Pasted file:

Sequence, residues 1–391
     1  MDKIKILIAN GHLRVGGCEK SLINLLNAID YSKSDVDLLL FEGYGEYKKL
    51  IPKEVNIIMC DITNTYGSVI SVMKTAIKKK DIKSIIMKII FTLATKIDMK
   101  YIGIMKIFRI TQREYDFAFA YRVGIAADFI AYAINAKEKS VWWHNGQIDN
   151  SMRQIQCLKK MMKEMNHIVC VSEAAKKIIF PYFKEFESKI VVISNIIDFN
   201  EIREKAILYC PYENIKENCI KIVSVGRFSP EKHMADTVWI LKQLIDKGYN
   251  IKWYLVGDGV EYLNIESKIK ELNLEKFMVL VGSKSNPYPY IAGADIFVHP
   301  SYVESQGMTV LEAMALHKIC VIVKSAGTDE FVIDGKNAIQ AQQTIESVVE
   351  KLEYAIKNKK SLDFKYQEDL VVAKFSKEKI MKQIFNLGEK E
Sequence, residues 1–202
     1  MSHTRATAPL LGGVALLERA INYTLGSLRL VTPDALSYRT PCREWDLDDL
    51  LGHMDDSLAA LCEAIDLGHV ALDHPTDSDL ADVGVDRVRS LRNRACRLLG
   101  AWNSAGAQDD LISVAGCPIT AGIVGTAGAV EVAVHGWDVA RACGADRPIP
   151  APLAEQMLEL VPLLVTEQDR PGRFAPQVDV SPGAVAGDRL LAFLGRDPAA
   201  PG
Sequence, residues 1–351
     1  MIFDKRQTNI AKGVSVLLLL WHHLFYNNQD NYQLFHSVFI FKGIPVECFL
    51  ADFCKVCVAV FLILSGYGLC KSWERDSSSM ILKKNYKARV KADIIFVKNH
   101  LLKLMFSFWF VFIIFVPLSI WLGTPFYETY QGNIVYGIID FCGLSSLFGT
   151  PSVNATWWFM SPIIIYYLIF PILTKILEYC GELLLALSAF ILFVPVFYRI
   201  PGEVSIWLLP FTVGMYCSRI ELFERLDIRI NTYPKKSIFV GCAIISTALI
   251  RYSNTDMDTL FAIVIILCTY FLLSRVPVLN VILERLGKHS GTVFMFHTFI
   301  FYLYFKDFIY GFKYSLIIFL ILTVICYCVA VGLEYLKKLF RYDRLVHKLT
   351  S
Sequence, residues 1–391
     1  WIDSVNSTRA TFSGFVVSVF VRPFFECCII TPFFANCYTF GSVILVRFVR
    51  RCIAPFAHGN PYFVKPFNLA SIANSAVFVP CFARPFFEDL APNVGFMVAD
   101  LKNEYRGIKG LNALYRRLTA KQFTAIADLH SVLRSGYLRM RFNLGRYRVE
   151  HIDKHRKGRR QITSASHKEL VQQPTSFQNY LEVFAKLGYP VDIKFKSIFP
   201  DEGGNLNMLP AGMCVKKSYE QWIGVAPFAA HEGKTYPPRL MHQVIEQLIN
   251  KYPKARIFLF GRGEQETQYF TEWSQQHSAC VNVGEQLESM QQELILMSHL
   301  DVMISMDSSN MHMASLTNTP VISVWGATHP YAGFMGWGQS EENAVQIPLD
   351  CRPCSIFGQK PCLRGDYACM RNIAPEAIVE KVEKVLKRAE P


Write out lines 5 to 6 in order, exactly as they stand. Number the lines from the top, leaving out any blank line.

   151  SMRQIQCLKK MMKEMNHIVC VSEAAKKIIF PYFKEFESKI VVISNIIDFN
   201  EIREKAILYC PYENIKENCI KIVSVGRFSP EKHMADTVWI LKQLIDKGYN